Gemfields unveils new $15m automated ruby sort house in Mozambique

22nd February 2019

By: Tasneem Bulbulia

Senior Contributing Editor Online


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Gemfields on Friday unveiled a new ruby sort house near its Montepuez ruby mine (MRM), in Mozambique.

The gemstone miner noted in a statement that the sort house, in which it invested $15-million, was the first of its kind for the gemstone industry and would be on par with the best diamond sorting facilities in the world.

The facility will enable Gemfields to consistently deliver a greater volume and spectrum of responsibly sourced rubies to the global market.

The facility itself is expected to raise production levels considerably.

It works by using the natural properties of rubies as a means of automated sorting. The process starts with the washing of the raw material, before passing it under ultraviolet (UV) light.

Rubies naturally fluoresce under UV light, meaning optical sorters can detect the fluorescence and employ blasts of air to direct individual rubies to separate channels for further sorting and grading, Gemfields explained.

The use of programmable logic controllers and data software under the UV light to conduct this process is said to be faster, more reliable and more efficient than sorting by hand.

It also allows the identification of a finer material component than before. A greater number of washing plants – the equivalent of washing 10 000 t/d of ore – combined with UV optical sorting, account for how throughput will increase exponentially, translating into considerably higher production figures.

“Previously, the sorting of rubies was largely manual, but it is very exciting to now introduce automated sorting which will require minimal manual sorting,” commented ruby grading supervisor Kaung San.

“Our productive capacity will increase exponentially.”

However, the company reassured that the introduction of automation will not mean a reduction in workforce, but rather, will have the opposite effect.  

Firstly, the greater throughput of the sort house means an expansion of the current active mining area, which will require an increase in workforce.

Secondly, the manual part of the sorting process – categorisation and grading the rubies themselves – will require a greater volume of highly skilled employees.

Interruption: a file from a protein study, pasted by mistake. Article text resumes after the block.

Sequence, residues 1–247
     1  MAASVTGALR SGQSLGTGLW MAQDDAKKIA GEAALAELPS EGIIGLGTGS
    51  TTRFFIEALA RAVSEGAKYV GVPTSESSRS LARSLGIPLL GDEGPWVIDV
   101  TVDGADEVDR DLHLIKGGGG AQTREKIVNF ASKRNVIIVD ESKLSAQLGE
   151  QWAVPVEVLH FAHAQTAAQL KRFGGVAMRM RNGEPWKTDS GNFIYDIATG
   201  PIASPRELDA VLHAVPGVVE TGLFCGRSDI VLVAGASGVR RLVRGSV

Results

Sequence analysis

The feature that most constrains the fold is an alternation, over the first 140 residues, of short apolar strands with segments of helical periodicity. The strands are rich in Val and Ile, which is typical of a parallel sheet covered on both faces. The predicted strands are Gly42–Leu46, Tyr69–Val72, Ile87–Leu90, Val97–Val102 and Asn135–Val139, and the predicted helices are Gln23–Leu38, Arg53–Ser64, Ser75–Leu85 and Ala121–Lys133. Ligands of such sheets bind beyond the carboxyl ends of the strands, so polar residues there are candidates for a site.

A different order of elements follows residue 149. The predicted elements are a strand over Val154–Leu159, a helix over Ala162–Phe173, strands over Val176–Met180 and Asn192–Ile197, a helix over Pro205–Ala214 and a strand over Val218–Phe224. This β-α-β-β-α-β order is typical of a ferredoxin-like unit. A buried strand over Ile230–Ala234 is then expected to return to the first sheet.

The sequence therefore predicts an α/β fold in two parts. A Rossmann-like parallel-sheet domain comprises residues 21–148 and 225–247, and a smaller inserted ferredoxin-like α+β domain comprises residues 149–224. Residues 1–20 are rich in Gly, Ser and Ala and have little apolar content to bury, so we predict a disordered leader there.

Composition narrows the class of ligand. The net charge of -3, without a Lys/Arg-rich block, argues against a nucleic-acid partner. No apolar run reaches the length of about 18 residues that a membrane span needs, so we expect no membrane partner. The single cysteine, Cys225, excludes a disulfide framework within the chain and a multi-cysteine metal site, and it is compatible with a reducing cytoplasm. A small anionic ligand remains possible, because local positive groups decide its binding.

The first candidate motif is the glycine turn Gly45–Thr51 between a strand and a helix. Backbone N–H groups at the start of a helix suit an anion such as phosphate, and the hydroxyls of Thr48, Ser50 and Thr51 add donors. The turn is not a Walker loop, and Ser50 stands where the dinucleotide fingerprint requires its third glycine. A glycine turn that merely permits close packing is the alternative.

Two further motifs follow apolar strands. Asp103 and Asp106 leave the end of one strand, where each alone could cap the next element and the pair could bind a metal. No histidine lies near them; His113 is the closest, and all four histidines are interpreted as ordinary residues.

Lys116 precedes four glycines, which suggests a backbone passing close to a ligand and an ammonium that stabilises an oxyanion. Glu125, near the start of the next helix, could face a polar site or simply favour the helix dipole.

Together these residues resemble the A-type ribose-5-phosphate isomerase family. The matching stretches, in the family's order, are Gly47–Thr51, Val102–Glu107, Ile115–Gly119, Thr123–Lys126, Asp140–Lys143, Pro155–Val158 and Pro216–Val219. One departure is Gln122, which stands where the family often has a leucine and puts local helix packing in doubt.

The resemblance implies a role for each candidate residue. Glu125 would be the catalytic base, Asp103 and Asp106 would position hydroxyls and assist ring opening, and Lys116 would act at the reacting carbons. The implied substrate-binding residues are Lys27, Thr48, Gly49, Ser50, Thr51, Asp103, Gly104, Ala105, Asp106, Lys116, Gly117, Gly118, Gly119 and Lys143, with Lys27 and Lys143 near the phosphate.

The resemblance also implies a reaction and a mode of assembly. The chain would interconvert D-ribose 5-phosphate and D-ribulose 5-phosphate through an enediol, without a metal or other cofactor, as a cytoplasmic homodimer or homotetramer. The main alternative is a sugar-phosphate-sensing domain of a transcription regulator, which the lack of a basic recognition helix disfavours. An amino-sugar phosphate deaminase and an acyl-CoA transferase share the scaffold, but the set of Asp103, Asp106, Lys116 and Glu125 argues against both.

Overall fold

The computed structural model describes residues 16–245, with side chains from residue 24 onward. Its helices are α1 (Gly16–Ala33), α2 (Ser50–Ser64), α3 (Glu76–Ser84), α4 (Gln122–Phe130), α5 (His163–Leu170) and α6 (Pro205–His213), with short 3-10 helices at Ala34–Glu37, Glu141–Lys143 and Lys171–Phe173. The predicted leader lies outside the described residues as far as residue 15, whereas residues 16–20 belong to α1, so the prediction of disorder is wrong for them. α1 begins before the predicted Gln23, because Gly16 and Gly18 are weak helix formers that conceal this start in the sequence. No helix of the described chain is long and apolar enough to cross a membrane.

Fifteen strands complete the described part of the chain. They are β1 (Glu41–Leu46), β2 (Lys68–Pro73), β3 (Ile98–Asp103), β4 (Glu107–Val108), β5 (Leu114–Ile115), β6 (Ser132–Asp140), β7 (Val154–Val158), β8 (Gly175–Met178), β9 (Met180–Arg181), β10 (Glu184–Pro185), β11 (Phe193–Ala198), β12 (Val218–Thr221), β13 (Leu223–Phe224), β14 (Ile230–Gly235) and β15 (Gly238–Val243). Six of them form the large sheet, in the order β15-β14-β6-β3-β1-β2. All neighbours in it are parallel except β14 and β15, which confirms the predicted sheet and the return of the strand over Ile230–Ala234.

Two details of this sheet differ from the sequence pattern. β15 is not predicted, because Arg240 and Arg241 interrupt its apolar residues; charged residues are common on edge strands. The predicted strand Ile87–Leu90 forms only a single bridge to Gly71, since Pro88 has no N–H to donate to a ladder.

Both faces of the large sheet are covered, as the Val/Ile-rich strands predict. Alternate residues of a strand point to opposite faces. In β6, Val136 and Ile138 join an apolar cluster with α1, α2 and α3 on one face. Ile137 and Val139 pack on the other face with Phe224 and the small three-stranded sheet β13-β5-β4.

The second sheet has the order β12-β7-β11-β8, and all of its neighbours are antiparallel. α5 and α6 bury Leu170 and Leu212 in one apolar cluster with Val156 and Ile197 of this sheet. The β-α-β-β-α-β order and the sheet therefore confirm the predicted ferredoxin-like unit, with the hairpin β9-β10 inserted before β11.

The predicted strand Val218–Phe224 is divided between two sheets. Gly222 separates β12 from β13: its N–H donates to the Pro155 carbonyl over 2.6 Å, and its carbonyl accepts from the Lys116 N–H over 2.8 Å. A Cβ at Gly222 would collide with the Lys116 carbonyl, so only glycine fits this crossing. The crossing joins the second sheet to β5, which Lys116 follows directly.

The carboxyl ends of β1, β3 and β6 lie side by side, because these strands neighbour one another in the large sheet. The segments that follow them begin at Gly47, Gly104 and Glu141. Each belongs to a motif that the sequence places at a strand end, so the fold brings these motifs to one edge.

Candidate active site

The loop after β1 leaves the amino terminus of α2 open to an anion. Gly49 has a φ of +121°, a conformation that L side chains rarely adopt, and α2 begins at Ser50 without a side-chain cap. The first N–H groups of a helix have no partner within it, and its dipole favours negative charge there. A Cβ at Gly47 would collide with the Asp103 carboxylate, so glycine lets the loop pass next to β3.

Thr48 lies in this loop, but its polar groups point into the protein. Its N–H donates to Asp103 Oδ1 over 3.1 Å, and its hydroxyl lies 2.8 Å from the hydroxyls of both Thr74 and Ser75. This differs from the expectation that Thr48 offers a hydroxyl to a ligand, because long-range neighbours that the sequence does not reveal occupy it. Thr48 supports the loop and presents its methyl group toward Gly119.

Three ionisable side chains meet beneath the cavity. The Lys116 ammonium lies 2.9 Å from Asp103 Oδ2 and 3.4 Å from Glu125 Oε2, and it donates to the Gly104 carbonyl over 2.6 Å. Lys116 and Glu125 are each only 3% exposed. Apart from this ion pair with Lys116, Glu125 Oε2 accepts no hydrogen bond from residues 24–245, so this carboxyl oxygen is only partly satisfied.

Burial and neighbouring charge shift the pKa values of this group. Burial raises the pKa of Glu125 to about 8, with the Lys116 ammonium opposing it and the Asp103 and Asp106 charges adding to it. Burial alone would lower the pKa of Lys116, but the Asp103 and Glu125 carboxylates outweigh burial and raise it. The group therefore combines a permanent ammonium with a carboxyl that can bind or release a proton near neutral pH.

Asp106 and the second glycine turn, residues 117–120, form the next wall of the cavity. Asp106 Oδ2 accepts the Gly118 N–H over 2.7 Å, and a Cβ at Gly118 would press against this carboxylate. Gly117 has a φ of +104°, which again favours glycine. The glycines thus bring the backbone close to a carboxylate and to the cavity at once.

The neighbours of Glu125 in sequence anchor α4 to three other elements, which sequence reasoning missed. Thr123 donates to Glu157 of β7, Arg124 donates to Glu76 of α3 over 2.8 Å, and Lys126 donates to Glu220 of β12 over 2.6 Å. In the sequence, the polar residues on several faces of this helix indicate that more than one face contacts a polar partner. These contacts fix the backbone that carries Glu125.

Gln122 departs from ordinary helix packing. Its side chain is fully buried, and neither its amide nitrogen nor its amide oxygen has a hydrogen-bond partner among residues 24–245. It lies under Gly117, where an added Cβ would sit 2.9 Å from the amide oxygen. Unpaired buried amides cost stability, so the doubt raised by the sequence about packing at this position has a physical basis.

Rather than importing this expertise, MRM is creating the first group of Mozambican gemmologists specialised in the selection and classification of rubies, which it enthused marks a “substantial” step for the ruby industry.

Notably, the installation of the technology itself has equipped the Mozambican workforce with the technical ability to understand, operate and manage facilities of this nature anywhere in the world, enabling their place as a specialised and competitive labour force in the international employment market.

“We believe this new machinery will enrich and expand the knowledge of our employees, creating development opportunities and specialisation in the field of gemmology within the local workforce,” said ruby sort house head Mervyn Dettmer.

The investment in this project is one of the largest investments of its kind in the Cabo Delgado province.

It represents MRM’s commitment, as a Mozambique-based company, to continue to contribute to the development of the province, the Montepuez district, the local communities and the country, the company enthused.  

The sort house is expected to engender improved productivity, more efficient production, a reduced margin of error and, in the medium to long term, a reduction in production costs.

The increase in production and expansion in workforce not only benefit the local communities, but also generate a greater contribution to the national economy through taxes.

This means a greater positive impact for the people of Mozambique, a core value of Gemfields’ operations.

This year will be a significant year of investment and growth for Gemfields’ Montepuez ruby mine, as the new sort house will be complemented by the implementation of a new thickener to the wash plant, increasing capacity to 150 t/h, from the current 125 t/h.

Two high-capacity pre-screen plants will be brought online to remove the finer particle material prior to it being fed to the wash plant, which will result in a greater concentration of the desired size material, further enhancing the wash plant feed capacity.

Edited by Chanel de Bruyn
Creamer Media Senior Deputy Editor Online



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